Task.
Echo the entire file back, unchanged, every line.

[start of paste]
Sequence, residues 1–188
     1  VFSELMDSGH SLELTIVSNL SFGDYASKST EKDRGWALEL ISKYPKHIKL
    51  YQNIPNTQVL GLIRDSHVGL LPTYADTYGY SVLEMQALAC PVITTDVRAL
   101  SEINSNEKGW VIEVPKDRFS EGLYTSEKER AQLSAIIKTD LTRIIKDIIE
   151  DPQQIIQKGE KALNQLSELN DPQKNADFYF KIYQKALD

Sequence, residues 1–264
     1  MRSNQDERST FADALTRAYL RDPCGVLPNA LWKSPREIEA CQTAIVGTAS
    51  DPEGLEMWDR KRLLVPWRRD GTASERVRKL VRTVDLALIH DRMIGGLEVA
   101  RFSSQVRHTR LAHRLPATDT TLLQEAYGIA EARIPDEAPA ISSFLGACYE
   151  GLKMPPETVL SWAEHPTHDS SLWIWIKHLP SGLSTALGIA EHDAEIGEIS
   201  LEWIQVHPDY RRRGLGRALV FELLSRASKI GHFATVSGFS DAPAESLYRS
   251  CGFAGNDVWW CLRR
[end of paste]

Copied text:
Sequence, residues 1–188
     1  VFSELMDSGH SLELTIVSNL SFGDYASKST EKDRGWALEL ISKYPKHIKL
    51  YQNIPNTQVL GLIRDSHVGL LPTYADTYGY SVLEMQALAC PVITTDVRAL
   101  SEINSNEKGW VIEVPKDRFS EGLYTSEKER AQLSAIIKTD LTRIIKDIIE
   151  DPQQIIQKGE KALNQLSELN DPQKNADFYF KIYQKALD

Sequence, residues 1–264
     1  MRSNQDERST FADALTRAYL RDPCGVLPNA LWKSPREIEA CQTAIVGTAS
    51  DPEGLEMWDR KRLLVPWRRD GTASERVRKL VRTVDLALIH DRMIGGLEVA
   101  RFSSQVRHTR LAHRLPATDT TLLQEAYGIA EARIPDEAPA ISSFLGACYE
   151  GLKMPPETVL SWAEHPTHDS SLWIWIKHLP SGLSTALGIA EHDAEIGEIS
   201  LEWIQVHPDY RRRGLGRALV FELLSRASKI GHFATVSGFS DAPAESLYRS
   251  CGFAGNDVWW CLRR